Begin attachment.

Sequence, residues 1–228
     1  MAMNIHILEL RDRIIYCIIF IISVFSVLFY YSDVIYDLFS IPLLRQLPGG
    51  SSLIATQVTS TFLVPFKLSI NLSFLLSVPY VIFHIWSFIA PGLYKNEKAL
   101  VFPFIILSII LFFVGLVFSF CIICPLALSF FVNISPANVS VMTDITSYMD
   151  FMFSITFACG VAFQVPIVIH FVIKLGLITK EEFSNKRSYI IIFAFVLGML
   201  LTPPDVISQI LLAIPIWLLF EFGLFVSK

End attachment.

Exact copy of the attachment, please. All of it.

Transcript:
Sequence, residues 1–228
     1  MAMNIHILEL RDRIIYCIIF IISVFSVLFY YSDVIYDLFS IPLLRQLPGG
    51  SSLIATQVTS TFLVPFKLSI NLSFLLSVPY VIFHIWSFIA PGLYKNEKAL
   101  VFPFIILSII LFFVGLVFSF CIICPLALSF FVNISPANVS VMTDITSYMD
   151  FMFSITFACG VAFQVPIVIH FVIKLGLITK EEFSNKRSYI IIFAFVLGML
   201  LTPPDVISQI LLAIPIWLLF EFGLFVSK